Caring for Your Urinary Drainage Bag | Aeroflow Catheters

Urinary Drainage Bag Care

Urinary drainage bags, like catheters themselves, are delicate pieces of medical equipment. Due to their intimate contact with equally delicate parts of the human body, very strict hygiene regiments need to be practiced when emptying, changing, or doing any other maintenance with them.

Importance of Drainage Bag Care

For patients adjusting to using urinary incontinence products like a catheter system, one of the greatest challenges can be proper, hygienic use and care of their medical devices. If patients do not properly care for their catheter products and practice good sanitation habits, they are at a higher risk of developing infections and other complications. This can not only lead to more serious health risks, but also discourage future use of the products which can dramatically increase a patient’s quality of life. One of the most integral parts of a catheter system which requires frequent care and maintenance is the drainage bag. Drainage bag care can be very simple, but it is essential to the overall health and well being of the catheter system, and its user.

Empty the Drainage Bag Frequently

One of the most important factors in drainage bag care is emptying the bag with appropriate frequency. As the bag becomes more full, its weight and mass increase. This will in turn produce a greater degree of stress on the patient’s sensitive areas. This can lead to irritation and discomfort for the patient, discouraging them from developing good habits with their treatment. In the case of leg bags, a bag becoming overfull also can provide a logistical problem should the patient need to empty the bag when they are at an inconvenient location to do so. In short, drainage bags should not be allowed to become more than half full in most cases, perhaps even less full in the case of smaller leg bags.

Wash your Hands Thoroughly

Beyond simple frequency, it is also necessary for patients to wash their hands both before and after emptying the bag. This will ensure that the bag remains uncontaminated by any bacteria or foreign matter.

Location Matters

It is very important to keep the bag below the height of the patient’s bladder or waist. This will prevent urine from leaving the bag and flowing back to the catheter and into the bladder. The bag should not be allowed to touch any foreign surfaces or objects, particularly the spigot where the urine empties from, as this can contaminate the closed system.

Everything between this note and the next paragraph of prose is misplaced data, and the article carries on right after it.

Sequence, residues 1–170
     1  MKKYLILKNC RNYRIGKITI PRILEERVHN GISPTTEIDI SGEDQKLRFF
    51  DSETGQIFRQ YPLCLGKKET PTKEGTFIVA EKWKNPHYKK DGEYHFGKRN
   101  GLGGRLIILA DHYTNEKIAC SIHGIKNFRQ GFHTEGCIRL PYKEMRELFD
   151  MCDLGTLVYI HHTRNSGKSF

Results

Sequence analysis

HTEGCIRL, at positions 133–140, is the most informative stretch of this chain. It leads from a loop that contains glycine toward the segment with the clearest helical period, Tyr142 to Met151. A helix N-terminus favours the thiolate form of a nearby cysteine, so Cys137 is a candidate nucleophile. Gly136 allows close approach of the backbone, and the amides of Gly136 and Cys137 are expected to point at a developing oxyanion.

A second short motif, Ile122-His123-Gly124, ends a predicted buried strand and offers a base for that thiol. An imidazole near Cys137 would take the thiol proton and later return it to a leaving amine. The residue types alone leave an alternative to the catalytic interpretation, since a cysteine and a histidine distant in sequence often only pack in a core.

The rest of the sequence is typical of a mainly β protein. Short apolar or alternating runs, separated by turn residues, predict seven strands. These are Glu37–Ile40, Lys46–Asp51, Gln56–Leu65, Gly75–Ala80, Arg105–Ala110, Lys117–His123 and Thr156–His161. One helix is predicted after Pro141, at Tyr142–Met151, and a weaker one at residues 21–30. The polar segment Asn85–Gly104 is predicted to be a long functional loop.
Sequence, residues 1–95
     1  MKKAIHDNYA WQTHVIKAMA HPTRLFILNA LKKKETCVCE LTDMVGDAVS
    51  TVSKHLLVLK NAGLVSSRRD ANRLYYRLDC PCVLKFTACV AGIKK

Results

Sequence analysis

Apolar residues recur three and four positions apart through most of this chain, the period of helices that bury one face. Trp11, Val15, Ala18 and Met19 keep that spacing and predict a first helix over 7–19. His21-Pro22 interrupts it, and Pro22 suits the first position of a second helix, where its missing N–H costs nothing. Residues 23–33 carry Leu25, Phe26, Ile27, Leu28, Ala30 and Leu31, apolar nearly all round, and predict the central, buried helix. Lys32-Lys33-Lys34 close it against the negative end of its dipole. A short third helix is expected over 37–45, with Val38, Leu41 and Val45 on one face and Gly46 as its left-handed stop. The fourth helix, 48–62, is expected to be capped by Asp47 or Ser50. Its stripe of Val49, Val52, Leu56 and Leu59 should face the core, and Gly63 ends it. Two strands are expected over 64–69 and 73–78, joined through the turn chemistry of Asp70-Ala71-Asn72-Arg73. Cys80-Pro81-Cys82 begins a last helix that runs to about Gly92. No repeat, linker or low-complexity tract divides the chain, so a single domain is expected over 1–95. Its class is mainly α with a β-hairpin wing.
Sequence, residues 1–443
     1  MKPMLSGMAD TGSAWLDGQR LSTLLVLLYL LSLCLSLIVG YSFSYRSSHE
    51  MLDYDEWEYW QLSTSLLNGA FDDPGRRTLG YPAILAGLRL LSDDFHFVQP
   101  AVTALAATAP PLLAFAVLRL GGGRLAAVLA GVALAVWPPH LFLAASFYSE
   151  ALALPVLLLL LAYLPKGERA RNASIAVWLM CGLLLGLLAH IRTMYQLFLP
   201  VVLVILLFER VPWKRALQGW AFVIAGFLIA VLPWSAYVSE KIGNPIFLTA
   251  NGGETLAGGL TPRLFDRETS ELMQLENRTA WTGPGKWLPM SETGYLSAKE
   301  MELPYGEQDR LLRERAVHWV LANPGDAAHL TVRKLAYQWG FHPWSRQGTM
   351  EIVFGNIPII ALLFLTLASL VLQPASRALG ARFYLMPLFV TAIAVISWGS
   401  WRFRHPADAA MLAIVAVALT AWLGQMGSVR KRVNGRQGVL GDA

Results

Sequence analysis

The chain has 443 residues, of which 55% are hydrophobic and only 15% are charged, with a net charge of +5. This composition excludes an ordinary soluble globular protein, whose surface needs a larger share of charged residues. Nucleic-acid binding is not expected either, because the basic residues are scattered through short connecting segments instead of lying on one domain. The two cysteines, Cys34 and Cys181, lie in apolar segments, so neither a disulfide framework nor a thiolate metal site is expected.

Cleaning the Bag

For general cleaning, rubbing alcohol should be applied to any parts of the drainage bag which are required to be touched after use, particularly in the case of the spigot. For more thorough cleaning, once the bag has been emptied and is not in use, a mixture of water and bleach can be applied to the inside of the bag, taking special care to rinse extremely thoroughly afterwards. With bleach, the ratio should be 1 part bleach per 10 parts water. In cases where the use of bleach is either impractical or considered unsafe, patients can substitute white vinegar in a solution of 1 part vinegar to 3 parts water ratio. In either case, this mixture should be allowed to agitate and soak within the bag for at least 30 seconds. Make sure the drainage bag has been removed from the patient before using these thorough cleaning methods.

Replacing your Drainage Bag

Even with proper cleaning techniques, patients should not hesitate to change out their urinary drainage bag if any kind of discoloration or other sign of reduced integrity appears. A good rule of thumb for replacing the drainage bag is to do so monthly.

By properly caring for not only their drainage bag but their entire catheter system, patients will dramatically decrease the likelihood of suffering infections and other complications which can compromise catheter system treatments. If you are in need of urinary catheters, fill out our Qualify Through Insurance form to see if you qualify to receive up to 200 catheters at little to no cost, delivered to your home; or call 844-276-5588 to speak to a customer service representative.